SIGHTSAVERS: Meet the business owner training youth with disabilities
Sightsavers’ Connecting the Dots initiative in Uganda offers young people with disabilities the opportunity to learn a new trade and gain valuable work experience.
We speak to Isaac Bolingo, an employer who has welcomed five interns at his business and is now championing the scheme to other employers.
Over 500 young people in the Masindi area of Western Uganda have taken part in Connecting the Dots, a scheme that links them up with training and employment opportunities. After completing a three-month course learning a trade of their choice – including construction work, welding, tailoring or hairdressing – they are connected with local employers where they spend three to six months working on the job.
Isaac is a local businessman who owns a thriving mechanics shop in Masindi town called Isaac’s Motorcycle Spares and Garage. He has taken on five young people with disabilities as part of our programme to become trainee mechanics and is training graduates from the scheme for the second year running. One of his first trainees was Sharif, a 24-year-old who is deaf. After completing his course at a local technical college, he took part in the employment programme’s careers fair in town, where he joined other young people from the scheme to celebrate their hard work and connect with potential employers. At the careers fair, the graduates were each given a toolkit for their trade, so they would be fully equipped to begin their career.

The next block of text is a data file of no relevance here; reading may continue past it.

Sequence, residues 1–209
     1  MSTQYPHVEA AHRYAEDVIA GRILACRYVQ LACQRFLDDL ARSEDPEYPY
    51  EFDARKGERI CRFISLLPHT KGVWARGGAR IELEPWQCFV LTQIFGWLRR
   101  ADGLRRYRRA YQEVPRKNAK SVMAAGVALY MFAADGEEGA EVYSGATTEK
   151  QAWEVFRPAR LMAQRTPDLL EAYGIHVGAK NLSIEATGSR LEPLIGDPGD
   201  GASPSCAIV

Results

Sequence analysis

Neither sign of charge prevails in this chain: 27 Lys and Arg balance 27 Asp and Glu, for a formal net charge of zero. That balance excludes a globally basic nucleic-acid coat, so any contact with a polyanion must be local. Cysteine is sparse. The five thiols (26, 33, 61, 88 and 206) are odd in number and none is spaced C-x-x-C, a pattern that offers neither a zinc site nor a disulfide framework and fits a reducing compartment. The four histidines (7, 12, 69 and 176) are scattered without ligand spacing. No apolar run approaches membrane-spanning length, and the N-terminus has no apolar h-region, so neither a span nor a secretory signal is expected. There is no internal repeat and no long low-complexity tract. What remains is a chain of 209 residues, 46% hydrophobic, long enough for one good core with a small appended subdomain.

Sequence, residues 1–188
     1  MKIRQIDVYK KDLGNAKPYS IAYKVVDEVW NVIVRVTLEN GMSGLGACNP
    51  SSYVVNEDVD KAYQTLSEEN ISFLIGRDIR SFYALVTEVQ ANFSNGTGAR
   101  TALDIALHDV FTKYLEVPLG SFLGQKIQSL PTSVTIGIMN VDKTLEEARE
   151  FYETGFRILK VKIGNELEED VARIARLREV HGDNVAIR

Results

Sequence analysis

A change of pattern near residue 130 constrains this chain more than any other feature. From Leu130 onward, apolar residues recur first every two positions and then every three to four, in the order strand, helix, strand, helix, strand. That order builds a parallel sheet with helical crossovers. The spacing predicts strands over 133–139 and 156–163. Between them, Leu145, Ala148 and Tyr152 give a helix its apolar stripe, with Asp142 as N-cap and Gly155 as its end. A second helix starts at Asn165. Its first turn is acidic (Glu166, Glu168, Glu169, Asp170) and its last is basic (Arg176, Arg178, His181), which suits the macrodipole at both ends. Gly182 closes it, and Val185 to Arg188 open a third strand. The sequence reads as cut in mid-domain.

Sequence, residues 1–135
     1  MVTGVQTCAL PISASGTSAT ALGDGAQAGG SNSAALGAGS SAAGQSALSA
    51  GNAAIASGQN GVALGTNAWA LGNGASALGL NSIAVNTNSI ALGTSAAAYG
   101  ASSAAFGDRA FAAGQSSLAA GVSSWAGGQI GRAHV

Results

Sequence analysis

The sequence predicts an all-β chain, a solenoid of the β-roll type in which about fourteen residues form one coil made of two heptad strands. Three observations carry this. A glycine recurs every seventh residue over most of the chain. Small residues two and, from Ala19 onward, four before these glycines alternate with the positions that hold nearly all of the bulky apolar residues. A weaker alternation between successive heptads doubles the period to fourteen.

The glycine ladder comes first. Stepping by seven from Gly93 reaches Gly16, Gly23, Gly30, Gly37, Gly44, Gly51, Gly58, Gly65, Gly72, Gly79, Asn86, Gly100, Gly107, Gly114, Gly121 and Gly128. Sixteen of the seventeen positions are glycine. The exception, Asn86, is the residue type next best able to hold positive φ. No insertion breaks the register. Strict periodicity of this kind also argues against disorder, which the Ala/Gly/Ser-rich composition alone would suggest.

A young woman working at a sewing machine.
Connecting the Dots
Our training and employment programme has transformed the lives of young people with disabilities in western Uganda.
Find out more
1 / 2
Sharif excelled at his new job and is now a paid member of staff at Isaac’s garage. He’s now working without needing any instruction (as Isaac proudly tells us) and is supporting himself financially. Sharif says that if he hadn’t enrolled on the scheme, he would still be at home. “I’d be in the village doing nothing! Maybe only digging [farming work] – that would be the only work… it is difficult to find a job.”
Joel and Ronald, recent graduates from the scheme, have joined Sharif as trainee mechanics at Isaac’s garage and the three have become close friends. “I thought there were only a few people with disabilities when I was young,” says Ronald, “but when I came here [to Masindi], I found a lot and I said, ‘Ah, there are many people who have disabilities…’ We are all friends, all of us taking courses.”
As a person with a visual impairment, Ronald has found that people’s attitudes towards him can often be negative and he is treated differently to everyone else. But Isaac has been supportive, encouraging and friendly: “He’s a good person,” says Ronald. “He told me that if I work hard, I will stay with him.” Ronald’s excited about staying on at the garage after completing the internship, or using his new skills to work at another big garage in the town.